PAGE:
• tgevans on August 20, 2008, 17:21 GMT

    In cricket, the captain is still the most important person, but coaches have an important part to play at the strategic level. Players at the international level don't need to be told to "play the ball on its merits" or to "bowl in the right areas". But they do need a well-managed support staff, well-organized drills and practices, thorough oppo research, and strong psychological support. As in all things, good coaches are valuable, bad coaches are harmful, and mediocre coaches are irrelevant.

  • Charindra on August 20, 2008, 17:02 GMT

    Not sure I agree with this article. How can anyone say so conclusively that a coach is "pointless and counterproductive", especially a writer who hasn't even got close to playing at the highest level?? The designation doesn't matter (you can call him babysitter for all I care) but a team certainly needs an outsider to guide it, come up with strategies, train youngsters, and keep things on an even keel. Some good examples are Whatmore and Moody for SL, Wright for India, Fletcher for Eng (pre 2006) etc. But of course as witch hunt says, the chemistry and the understanding between the captain and the "coach" is of paramount importance, without which the whole thing would just fall apart.

  • Vipul Gupta on August 21, 2008, 5:33 GMT

    contd.. Captain by the Coach, the Bowling Coach the fielding coach etc. and together they are able to plan out every possible situation beforehand. Nobody can deny the role Cooley played in not only the 2005 Ashes triumph but also the prior success the English bowlers tasted between 2003-2005. In fact the stats of all the bowlers improved during his reign. Great players like McGrath and Warne will always do well simply because they are great. It is only when the lesser players start doing well that the performance of the coach, in the case of Buchanan can be appreciated which happened when fringe players like Tait and Hogg performed superbly in the 2007 WC. The job of the Coach and the backroom staff is to help the players perform at their peak on the field. And that’s the reason why any credit for success and failure on the field has to be shared collectively by all parties.

  • Brendanvio on August 21, 2008, 5:31 GMT

    I agree and disagree with some aspects of this article. I will point out that some coaches have encouraged a greater deal of professionalism in their players (Simpson, Moody et al) by promoting fielding drills and better fitness that allowed them to stay on top of their games. A coach should never interfere with tactics, which I thought Duncan Fletcher was guilty of,(Vaughan was a fine captain in his own right) and perhaps John Buchannan (Too much mumbo-jumbo with Buck). It is the players that do the job in the end, and the captain who is solely responsible for on-field decisions.

  • Vipul Gupta on August 21, 2008, 5:31 GMT

    I must say that I really do not agree with Mr Chopra’s assessment for a coach. Yeah he is person who can be a support system for “outside field matters” and I do not have any issues if he is known as a side player. In today’s age with the constant traveling the Captain can certainly do with some help in arranging fielding drills, training sessions etc. The reason the Aussie side is great is that they pay attention to the minutest of details. It can’t be a fluke that Clarke , Symmo or Punter hardly miss whenever they have a shy at the stumps? Match situations are simulated in fielding drills. When McGrath bowls a particular length and line to Sachin they know which shot he will play and that’s why Clarke is always in a position to anticipate and throw down the stumps from any angle simply because he has practiced it a 1000 times. And these inputs are given to the contd .....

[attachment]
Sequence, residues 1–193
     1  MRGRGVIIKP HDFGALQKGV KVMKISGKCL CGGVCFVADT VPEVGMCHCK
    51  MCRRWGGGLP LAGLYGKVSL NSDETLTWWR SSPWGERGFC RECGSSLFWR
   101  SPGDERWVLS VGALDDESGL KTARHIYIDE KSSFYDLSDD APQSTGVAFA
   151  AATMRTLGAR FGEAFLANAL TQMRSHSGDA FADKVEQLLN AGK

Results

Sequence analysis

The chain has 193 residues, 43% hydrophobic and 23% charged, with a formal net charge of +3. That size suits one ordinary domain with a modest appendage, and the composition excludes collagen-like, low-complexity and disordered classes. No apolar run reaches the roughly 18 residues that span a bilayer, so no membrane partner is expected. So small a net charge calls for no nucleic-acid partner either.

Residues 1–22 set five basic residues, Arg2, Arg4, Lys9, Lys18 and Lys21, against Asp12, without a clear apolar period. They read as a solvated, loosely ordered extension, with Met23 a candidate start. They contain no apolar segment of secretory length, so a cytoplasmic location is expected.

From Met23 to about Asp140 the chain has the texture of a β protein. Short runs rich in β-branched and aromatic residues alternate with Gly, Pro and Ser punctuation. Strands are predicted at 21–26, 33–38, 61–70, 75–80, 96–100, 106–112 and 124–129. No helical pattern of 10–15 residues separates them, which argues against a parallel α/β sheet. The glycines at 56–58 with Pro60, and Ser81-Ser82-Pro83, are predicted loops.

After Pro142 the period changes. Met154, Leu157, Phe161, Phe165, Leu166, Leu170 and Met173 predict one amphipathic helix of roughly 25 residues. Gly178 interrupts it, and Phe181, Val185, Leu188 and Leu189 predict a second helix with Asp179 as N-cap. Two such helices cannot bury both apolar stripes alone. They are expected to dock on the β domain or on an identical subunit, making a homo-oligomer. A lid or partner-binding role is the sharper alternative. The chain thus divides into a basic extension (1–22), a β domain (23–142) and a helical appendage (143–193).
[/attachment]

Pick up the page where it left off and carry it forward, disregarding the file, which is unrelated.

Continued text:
• Swaminath on August 21, 2008, 4:48 GMT

    What the coach brings to the table comes into picture here. if the coach is knowledgable about the game and can identify the strengths and weaknesses of each player in the team, and has the requisite knowledge to correct those weknesses, I am all for having a coach. I believe Bob Simpson made the current Australian team what they are now with his cricketing knowledge. Buchanan gives the impression of being just what Shane Warne called him some time back. A silly goose. Full of hot air. As a coach, keep things simple. Stick to the basics, and advice the players when they deviate from the basics. Every team would be happy to have a coach who does this, I guess. never mind about conducting drills, never mind about team meetings and strategies. Leave that to the captain. Samir, I guess this is what you mean when you say the coach makes the captain appear like a quarterback.

  • Swaminath on August 21, 2008, 4:48 GMT

    What the coach brings to the table comes into picture here. if the coach is knowledgable about the game and can identify the strengths and weaknesses of each player in the team, and has the requisite knowledge to correct those weknesses, I am all for having a coach. I believe Bob Simpson made the current Australian team what they are now with his cricketing knowledge. Buchanan gives the impression of being just what Shane Warne called him some time back. A silly goose. Full of hot air. As a coach, keep things simple. Stick to the basics, and advice the players when they deviate from the basics. Every team would be happy to have a coach who does this, I guess. never mind about conducting drills, never mind about team meetings and strategies. Leave that to the captain. Samir, I guess this is what you mean when you say the coach makes the captain appear like a quaterback.

  • Hari on August 21, 2008, 3:34 GMT